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Toys ‘R’ Us Sued For Millions After Toddler Loses Eye In Horrific Stroller Accident

Toys "R" Us Sued After Toddler Loses Eye In Horrific Accident

Toy chain retailer “Toys ‘R’ Us” has been hit with a multi-million dollar lawsuit after a horrific accident in which a toddler impaled his eye on a handle of toy stroller.

William Sanner, an electrician, is suing the “Toys ‘R’ Us” on behalf of his son who is also named William, on the grounds that include product liability, breach of warranty, and negligence.

The father alleges the toy store chain failed to include adequate warnings about the multiple, dangerous defects of a stroller made by Graco Children’s Products Inc.

The toddler, William Sanner [Jr.] was 16 months old when the 2008 accident occurred. The child was pushing his older sister’s Graco-brand doll stroller in the family’s New York home when the stroller “rolled out away from him and tipped backward” court papers said.

As a result, the toddler tumbled forward and fell in such a way that “one of the hooked and rigid handles impaled and pierced [his] right eye,” according to the Manhattan federal court lawsuit.

The New York Post reports that after the accident William underwent several surgeries. The toddler’s severely damaged eye was removed and replaced with a prosthetic.

“It’s every mother and father’s fear,” said the family’s lawyer, Eric Dranoff. He added, “Remember when we were all kids and our parents warned, ‘Be careful, you might poke your eye out’?”

Dranoff said Graco Children’s Products Inc., previously reached a confidential settlement with the Sanner family. For reasons not disclosed that arrangement now appears to have broken down and the family are proceeding with the suit.

Toys "R" Us Sued After Toddler Loses Eye In Horrific Accident

The key issue in the case revolves around the stroller’s weight and center of gravity.

Court papers state that the $14.99 lightweight stroller “incorporates a center of gravity, weight distribution and wheelbase that makes it easily susceptible to tipping” when less than two pounds of force is applied to the handles.

The lawsuit also makes mention of “Toys ‘R’ Us” core consumer promise that “one of the important parts of our mission as a company is to help parents keep their kids safe.”

On October 20, 2010, Graco Children’s Products Inc., recalled about 2 million strollers that they stopped selling in 2007. The recall announcement stated that four babies had died in the strollers between 2003 and 2005, the Consumer Product Safety Commission notes.

Although the New York Post reports the amount the Sanner family are suing for is $260 million, a different figure of $65 million is quoted by

A “Toys ‘R’ Us” spokeswoman declined media requests for comment.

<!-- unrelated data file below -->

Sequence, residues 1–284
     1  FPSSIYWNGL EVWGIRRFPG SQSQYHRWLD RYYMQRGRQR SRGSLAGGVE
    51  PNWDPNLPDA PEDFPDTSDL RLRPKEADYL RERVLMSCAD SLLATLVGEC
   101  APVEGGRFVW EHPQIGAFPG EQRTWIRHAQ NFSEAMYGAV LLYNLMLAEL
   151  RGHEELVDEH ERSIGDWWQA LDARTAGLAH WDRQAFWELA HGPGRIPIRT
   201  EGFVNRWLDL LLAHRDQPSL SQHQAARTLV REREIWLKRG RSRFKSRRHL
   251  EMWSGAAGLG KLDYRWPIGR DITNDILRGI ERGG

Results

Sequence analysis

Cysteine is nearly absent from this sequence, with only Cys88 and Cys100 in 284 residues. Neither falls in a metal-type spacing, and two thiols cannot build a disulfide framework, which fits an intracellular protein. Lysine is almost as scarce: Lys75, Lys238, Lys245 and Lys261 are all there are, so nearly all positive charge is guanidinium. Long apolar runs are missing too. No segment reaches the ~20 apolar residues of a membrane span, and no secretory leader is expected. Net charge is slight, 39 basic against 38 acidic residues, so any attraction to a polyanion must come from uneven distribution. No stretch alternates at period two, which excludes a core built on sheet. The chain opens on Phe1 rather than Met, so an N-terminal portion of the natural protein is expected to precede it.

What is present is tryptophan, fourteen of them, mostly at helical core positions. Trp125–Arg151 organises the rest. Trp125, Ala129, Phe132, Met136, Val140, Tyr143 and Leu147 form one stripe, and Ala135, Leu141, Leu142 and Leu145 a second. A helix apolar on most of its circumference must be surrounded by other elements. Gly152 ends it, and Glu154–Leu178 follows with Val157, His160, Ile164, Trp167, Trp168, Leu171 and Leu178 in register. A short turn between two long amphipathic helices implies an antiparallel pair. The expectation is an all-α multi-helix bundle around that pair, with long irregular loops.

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9 Responses to “Toys ‘R’ Us Sued For Millions After Toddler Loses Eye In Horrific Stroller Accident”

  1. Hope McGinnis

    any toy any product can be dangerous at this rate.. anyone remember the man last year that poked his eye out when he lost his balance and fell on his trimmers? ANYTHING CAN BE DANGEROUS period, this is sad and grandmother has part of her tongue missing because as a baby she was running fell and hit her face on a table and bit it off…who's to blame there… kids get hurt when they play this lawsuit pisses me off…

  2. Elizabeth Owens

    I am sorry, but don't buy a cheap stroller. For that matter, don't have a toddler pushing a baby stroller. That's YOUR job, you are the parent! This is nothing more than a money grab. I feel sorry for the kid though….

  3. Clay Strickland

    why are they suing TRU? They will lose against TRU, they should be suing Graco. TRU just sells the tiem, they do not make it or test it.

  4. Elizabeth Owens

    Well, I stand corrected. I misread the article, thought he was pushing the stroller with his sister inside. Even so, it could have happened to anyone. Still a huge cash grab.

  5. Anonymous

    Don't these 'toys' have age limits for a reason? If this toy was meant to be played with by a child of a certain age & this toddler wasn't of that age then they have no law suit IMO. Yes, it could've happend with his older sister too but again, toys normally have age limits for a reason, perhaps the parents didn't notice that or care to check what ages can play with this particular toy but they should've if they didn't.

  6. Eryn Stilp

    …..apparently my husband and I are the only parents out there who took it upon ourselves to research EVERY baby item we were buying for our daughter.
    And here I thought that was common sense. Silly me.

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